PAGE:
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Jeffrey B. Banke

A few sites for folks on a tight budget

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Thought that some particularly newbies might appreciate a tip as to where to find some extremely low cost solutions to lighting and other problems

 

I should point out first that all of these "solutions" have their drawbacks, and there will be certain things that you just cannot do with them that you can do with studio strobes, just as there are some things that cannot be done with studio strobes and require very low power on a portable flash.

I would always suggest that you buy once, buy right, however, I realize that is just impossible for some folks. So, take a look at these links, see if any will help you temporarily, just realize that you can fill your garage with a lot of useless stuff before you do buy studio strobes ;-)

Also some of the solutions involve "HOT" lights, which are hot, and will not be good for food, or people for extended periods of time, plus there is the danger of burning oneself inadvertently.

 

http://www.popphoto.com/DIYLighting

 

http://digital-photography-school.com/diy-flash-and-lighting-hacks-for-digital-photographers/

 

http://www.joeedelman.com/blog/photography-how-to/lighting/no-flicker-fluorescent-studio-lights-cheap/

 

http://www.wikihow.com/Make-Homemade-Photography-Lighting

 

https://www.pinterest.com/cristalacosta1/photography-diy-equipment/

 

http://strobist.blogspot.com/2013/11/50-diy-projects-for-lighting.html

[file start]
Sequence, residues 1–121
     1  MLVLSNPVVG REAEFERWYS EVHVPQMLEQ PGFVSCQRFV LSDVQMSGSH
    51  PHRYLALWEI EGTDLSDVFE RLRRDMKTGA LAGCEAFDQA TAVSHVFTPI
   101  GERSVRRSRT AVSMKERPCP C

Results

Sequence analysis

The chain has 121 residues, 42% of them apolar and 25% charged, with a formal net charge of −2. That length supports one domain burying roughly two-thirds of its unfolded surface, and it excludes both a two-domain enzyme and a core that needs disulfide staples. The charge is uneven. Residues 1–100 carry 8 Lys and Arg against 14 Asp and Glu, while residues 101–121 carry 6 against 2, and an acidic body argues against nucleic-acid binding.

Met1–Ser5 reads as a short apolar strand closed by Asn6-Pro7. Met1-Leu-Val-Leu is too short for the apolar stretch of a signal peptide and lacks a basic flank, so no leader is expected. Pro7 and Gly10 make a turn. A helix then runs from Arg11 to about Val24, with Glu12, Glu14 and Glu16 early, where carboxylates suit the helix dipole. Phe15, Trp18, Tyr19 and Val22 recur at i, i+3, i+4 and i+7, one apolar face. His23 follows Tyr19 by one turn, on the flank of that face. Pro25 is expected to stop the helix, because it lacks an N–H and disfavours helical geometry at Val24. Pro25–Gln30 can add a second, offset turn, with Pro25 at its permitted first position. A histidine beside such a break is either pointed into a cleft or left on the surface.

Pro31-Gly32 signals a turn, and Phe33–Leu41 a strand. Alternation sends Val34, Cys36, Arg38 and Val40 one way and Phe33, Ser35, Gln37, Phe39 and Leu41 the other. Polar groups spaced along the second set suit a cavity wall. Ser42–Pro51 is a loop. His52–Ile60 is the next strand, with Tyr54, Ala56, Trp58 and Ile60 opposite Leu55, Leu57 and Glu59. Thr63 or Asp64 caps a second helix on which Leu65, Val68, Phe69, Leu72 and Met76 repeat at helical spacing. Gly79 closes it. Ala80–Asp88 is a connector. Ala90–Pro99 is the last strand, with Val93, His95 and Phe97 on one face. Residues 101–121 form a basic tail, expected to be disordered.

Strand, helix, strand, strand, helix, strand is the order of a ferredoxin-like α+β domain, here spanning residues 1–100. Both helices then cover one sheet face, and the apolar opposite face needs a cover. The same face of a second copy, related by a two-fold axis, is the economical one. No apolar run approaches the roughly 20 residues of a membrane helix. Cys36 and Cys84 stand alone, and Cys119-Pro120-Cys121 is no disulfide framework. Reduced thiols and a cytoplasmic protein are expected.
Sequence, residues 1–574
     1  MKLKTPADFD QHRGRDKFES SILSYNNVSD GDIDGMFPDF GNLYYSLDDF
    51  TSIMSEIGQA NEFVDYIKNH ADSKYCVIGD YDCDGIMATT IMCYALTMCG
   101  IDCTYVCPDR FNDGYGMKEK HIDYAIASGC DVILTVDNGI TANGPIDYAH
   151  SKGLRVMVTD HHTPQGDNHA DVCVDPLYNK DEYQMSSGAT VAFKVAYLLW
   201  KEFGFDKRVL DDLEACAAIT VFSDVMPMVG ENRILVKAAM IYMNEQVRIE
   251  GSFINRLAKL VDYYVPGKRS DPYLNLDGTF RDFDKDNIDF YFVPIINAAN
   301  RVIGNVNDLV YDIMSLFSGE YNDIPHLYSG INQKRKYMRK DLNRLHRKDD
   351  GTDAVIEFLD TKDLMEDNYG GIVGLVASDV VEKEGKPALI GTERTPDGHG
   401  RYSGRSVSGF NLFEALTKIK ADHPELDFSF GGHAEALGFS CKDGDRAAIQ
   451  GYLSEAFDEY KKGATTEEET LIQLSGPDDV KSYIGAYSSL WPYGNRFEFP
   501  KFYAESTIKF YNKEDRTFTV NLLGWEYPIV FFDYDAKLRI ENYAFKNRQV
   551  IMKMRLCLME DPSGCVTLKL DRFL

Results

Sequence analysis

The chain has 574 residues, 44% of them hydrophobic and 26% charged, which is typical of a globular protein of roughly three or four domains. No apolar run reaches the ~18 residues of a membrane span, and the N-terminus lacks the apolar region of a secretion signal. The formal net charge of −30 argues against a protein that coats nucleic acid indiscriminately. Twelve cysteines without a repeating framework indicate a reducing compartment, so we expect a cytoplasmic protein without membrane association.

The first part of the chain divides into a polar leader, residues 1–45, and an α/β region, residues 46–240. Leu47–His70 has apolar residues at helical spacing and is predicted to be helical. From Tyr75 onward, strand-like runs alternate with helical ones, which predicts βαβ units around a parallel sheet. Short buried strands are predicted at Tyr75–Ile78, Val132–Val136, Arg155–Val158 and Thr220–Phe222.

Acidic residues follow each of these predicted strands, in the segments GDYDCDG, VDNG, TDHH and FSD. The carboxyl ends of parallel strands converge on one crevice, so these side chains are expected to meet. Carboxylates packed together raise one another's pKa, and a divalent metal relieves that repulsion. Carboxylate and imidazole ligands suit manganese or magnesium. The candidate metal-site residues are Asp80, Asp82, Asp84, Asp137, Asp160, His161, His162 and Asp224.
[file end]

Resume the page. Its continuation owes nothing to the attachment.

http://www.picturecorrect.com/tips/diy-photography-studio-lighting-for-under-200/

 

http://melissaesplin.com/2013/11/diy-ikea-hack-photography-studio-lighting/

 

http://www.shuttertalk.com/2006/03/putting-together-a-budget-diy-lighting-system.html

 

Video here

 

http://phlearn.com/light-amazing-portrait-low-cost-diy-lighting-kit

 

http://www.diy-lighting-kits.com/ring-flash/

 

 

Tutorials here

http://www.diyphotography.net/photography-lighting-tutorials-video-roundup/

 

For those with a bit more money in their pocket

https://www.kaezi.com/magento/index.php/studio-kits.html?gclid=CjwKEAiA05unBRCymrGilanF9SwSJACqDFRmejGUiNP_LYZeGwfHpOhsg9qA3mXg7B_uGxECZnR26BoCbCvw_wcB

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Just to put this in perspective, I have more studio lighting equipment than any three photographers needs, don't ask me why ;-)

However you can ask why I am messing around with building my own LED lighting system !

Well, the answer simply is - because I can!

Electronics/Electrical engineering was my background, so repairing Norman powerpacks became a hobby as well as buying and selling them. When I got bored with that after the market got flooded with them, I looked at LED lighting, which of course is better suited to video than any other form, as it is efficient, low power consumption, low voltage (less danger, Normans are at 950v), continuous lighting needed for video, and easy to build.

 

I am still in the prototype mode, however have determined that one can easily build a system for no much money, how much? Well it of course depends how big you wan to go, but I built two 6 inch by 3.5 inch 160 LED panels using perf board (not the way to go, too much labor) that run on 12 volts so it can be used from a car. The perf board, LED's and an AC to 12 volt power supply cost about $26 plus a lot of time to build them.

 

Next prototype was a 300 LED (16 inches by 4) panel using ribbon LED's (definitely the way to go), took only an hour to complete the electrical connecting (another hour for the wood work), and I elected to go to a 24 volt system as it would be lower current. This was a similar price as I just happened to have the wood laying around, but would only have added another $5 or so.

 

By my estimation, one could build a 1200 LED cool lighting system for approximately $60, for a few dollars more one can even make the light adjustable (within a limited range)

 

I have however found yet another source of ribbon LED's, that increases the density of LEDs in the same space to 600, and will be prototyping a panel made using these next.

 

If anyone is interested in building their own I have posted some sources below.